Author’s note: Readers with little or no taste will be overjoyed to see that I’m still working on my romance novel, featuring a hunky river ranger, Rod, and a hottie Kenai River fishing guide, Jenna. While giving in to your baser instincts, don’t be surprised if you realize that you’re being tricked into learning something about fish. — LP
It was a foggy morning, so foggy that Jenna’s four clients couldn’t see much of the scenery along the lower Kenai River. What she didn’t know was that they considered it worth the 250 bucks they had paid for a fishing trip to ogle her shapely young body for six hours without feeling any guilt.
The scarcity of kings in recent years made Jenna wonder if becoming a fishing guide had been a good idea. She shuddered at the thought of having to move from the area to find another job.
They’d been fishing for two hours and hadn’t had a bite. With every fiber of her being, Jenna yearned to be close to a certain tall, handsome ranger, to be held in his strong arms, to feel his heat. She needed Rod almost as much as she needed a new Yamaha T50 outboard. She hadn’t seen the tall, handsome ranger for days, and the very thought of him made her feel all tingly. But the odds of being with him seemed about as good as the odds of catching one of the salmon that had made the Kenai River famous.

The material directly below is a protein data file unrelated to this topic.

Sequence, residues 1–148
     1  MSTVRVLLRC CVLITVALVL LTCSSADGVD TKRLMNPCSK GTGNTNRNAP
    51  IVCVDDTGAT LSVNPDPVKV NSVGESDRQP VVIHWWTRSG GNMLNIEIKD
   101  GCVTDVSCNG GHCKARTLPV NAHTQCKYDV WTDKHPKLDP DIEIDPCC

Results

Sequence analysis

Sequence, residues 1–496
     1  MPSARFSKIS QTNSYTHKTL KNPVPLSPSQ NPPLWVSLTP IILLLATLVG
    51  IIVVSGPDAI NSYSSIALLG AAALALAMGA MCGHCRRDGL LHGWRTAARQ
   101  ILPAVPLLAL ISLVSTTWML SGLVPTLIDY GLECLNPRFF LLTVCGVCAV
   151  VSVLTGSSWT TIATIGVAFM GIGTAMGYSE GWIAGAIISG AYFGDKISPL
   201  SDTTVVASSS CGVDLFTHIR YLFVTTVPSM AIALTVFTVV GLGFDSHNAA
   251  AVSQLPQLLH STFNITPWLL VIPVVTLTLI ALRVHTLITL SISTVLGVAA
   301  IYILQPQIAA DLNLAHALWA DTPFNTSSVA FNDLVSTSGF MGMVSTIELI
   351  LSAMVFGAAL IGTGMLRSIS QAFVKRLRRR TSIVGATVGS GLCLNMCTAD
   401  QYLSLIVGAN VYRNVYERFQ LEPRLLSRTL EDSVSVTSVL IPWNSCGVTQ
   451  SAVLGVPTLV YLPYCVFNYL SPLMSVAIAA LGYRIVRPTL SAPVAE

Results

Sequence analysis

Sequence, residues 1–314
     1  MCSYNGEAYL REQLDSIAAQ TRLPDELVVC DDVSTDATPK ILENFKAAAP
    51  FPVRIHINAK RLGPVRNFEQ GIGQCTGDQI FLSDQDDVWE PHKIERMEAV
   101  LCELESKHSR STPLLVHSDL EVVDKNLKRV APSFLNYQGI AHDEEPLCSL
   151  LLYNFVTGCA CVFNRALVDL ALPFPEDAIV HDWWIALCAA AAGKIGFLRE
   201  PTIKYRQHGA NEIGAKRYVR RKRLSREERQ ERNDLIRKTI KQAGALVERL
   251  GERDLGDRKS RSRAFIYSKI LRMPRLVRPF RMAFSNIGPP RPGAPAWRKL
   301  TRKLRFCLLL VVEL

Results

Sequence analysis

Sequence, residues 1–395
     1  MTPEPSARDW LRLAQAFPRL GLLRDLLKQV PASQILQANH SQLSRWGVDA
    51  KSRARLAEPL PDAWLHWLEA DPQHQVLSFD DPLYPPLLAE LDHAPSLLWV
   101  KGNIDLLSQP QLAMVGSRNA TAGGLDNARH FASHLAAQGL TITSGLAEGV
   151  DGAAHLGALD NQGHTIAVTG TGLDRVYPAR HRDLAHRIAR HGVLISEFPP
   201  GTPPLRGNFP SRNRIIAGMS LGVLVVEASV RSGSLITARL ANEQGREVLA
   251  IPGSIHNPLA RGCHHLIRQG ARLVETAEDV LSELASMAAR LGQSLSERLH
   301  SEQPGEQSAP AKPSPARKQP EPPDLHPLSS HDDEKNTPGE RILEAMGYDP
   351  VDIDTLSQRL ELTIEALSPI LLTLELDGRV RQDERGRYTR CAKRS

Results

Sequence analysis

“What’s the deal with these ‘white’ kings we hear about?” asked one of her clients. “What causes their meat to be white instead of red?”
“It’s a genetic thing,” Jenna said. “Some king salmon don’t inherit the ability to metabolize carotenoids, the orange-red pigments found in the things these kings eat — shrimp, krill and crabs, for example. Because of this, these pigments don’t get stored in their muscle cells.”
“You ever catch a white king?”
“I’ve caught a few in saltwater, near Homer,” Jenna said.
“You’ve never caught one in the Kenai?”
“Essentially, all white kings come from rivers and streams, from the Fraser River in British Columbia, north to the Chilkat River in Southeast Alaska. Biologists with the Alaska Department of Fish and Game estimate that, overall, approximately 5 percent of the king population in this region carry the recessive trait that produces the white flesh. However, there are river systems where upwards of 30 percent of their fish have the white flesh trait.”
“Do the white ones taste different from the red ones?”
“I can’t tell the difference,” Jenna said. “If you see one on a restaurant menu, you’ll see a difference in the price because white kings are relatively rare.”
Someone in a nearby boat yelled, “Any luck?”
Jenna recognized Rod’s manly voice, and her heart leaped like a tail-hooked sockeye.
“None yet,” she said, “but we’re hopeful.”
“Me, too,” Rod said. “I’m hopeful that we can get together tonight. I’ll call you.”
As suddenly as he had arrived, he was gone.
Jenna felt as if the fog had lifted and the sun had come out. She was no longer worried about whether her clients would catch a king, or wondering if her old outboard would make it through the day, or anxious about having to look for a real job. None of that mattered.
Les Palmer can be reached at email@example.com.